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2019 Spring Session Update: 1 Week Out

Illinois State Capitol

By Stephen S. Morrill, Principal of Morrill & Fiedler LLC (M&F), with contributions from Curt Fiedler

The House and Senate convene the final week of the scheduled 2019 spring session - with adjournment scheduled for Friday, May 31.  Almost all of the Governor’s legislative priorities – graduated income tax amendment, fully funded budget, capital budget, legalizing cannabis, and sports betting – remain unresolved with only five legislative days remaining (though much work can be completed in these final days).  The legislative leaders and the Governor continue to meet this week to try and develop a bi-partisan agreement on many of these issues; however, the meetings have yet to produce even a framework of a deal among all four legislative leaders. The most recent “leaders meeting” to develop an agreed framework on the FY20 budget and capital (including new revenues) occurred on Sunday, May 27.

A status update of the Governor’s legislative priorities remaining is as follows:

  • Graduated Income Tax Amendment (SJRCA 1):  SJRCA 1 was approved by the Illinois Senate on May 1, and has slowly advanced to the House floor.  The House debated SJRCA 1 for more than three hours (unlike the brief debate and quick passage in the Senate), and approved SJRCA 1 by a vote of 73-44-1.  With the approval by the House, the question to amend the Illinois Constitution to allow for a graduated income tax will be included on the ballot for voters in 2020.  Also before the House are Senate Bill (SB) 687, SB 689 and SB 690 – the companion bills that would set the graduated income tax rates (SB 687), limited property tax relief (SB 690), and eliminating the real estate transfer tax (SB 689). While SB 687 is currently pending on the House floor, the other measures to provide additional financial relief (especially property tax relief) have been stripped and their passage is uncertain.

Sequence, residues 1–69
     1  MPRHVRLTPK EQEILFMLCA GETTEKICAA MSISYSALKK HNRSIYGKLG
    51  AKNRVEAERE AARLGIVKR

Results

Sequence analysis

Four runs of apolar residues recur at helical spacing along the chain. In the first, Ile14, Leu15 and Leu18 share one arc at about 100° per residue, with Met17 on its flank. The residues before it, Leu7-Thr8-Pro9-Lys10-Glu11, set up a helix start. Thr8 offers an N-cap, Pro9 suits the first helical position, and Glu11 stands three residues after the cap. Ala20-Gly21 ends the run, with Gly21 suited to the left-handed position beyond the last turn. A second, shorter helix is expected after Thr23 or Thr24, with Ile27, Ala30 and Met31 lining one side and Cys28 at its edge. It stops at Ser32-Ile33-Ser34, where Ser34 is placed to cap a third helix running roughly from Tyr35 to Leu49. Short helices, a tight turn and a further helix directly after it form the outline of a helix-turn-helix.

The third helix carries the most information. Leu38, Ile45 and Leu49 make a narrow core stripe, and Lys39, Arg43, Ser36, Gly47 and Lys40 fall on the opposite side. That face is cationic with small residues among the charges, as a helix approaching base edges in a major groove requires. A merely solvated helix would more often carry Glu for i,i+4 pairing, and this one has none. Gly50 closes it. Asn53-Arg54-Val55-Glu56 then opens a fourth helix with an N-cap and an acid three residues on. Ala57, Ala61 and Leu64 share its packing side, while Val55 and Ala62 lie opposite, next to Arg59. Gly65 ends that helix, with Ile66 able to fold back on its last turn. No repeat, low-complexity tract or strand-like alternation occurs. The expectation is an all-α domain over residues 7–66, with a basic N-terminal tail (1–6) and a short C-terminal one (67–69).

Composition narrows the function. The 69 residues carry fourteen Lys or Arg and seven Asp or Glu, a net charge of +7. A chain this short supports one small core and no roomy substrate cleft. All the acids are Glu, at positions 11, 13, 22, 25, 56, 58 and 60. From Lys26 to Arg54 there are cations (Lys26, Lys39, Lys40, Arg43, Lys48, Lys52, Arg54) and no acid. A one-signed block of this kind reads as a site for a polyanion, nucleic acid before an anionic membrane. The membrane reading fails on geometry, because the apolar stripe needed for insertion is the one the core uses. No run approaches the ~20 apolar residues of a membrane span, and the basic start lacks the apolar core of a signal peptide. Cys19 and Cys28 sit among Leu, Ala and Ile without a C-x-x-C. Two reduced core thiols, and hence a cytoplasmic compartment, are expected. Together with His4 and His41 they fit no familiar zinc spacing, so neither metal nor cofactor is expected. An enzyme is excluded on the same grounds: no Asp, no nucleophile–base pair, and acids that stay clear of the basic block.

• FY20 State Budget:  The Democratic legislative leaders have developed multiple versions of the FY20 budget based upon different scenarios of projected revenues.  The scenarios range from a maintenance budget (as the State has received an additional $1.5 billion in revenues not previously anticipated) to the Governor’s proposed FY20 budget that relies on revenues from sports betting and legalization of cannabis.  According to sources, the House is likely to pass its version of the FY20 budget by Tuesday, May 28 to afford the Senate sufficient time to properly consider the FY20 budget and make any changes that may be necessary prior to the May 31 adjournment.  It is possible that the General Assembly passes a FY20 spending plan that exceeds the projected revenues due to the General Assembly failing to advance some of the Governor’s expected revenue increases to fund the FY20 budget (legalization of cannabis, sports betting, increased cigarette tax, vaping tax, cap on retailer sales tax discount, statewide plastic bag tax, and restructuring VGT taxes, among others). If that scenario occurs, it would leave Governor Pritzker to use his amendatory and line-item veto powers to “right size” the FY20 spending plan, or force the Governor to call the General Assembly back into session over the summer to pass additional revenues.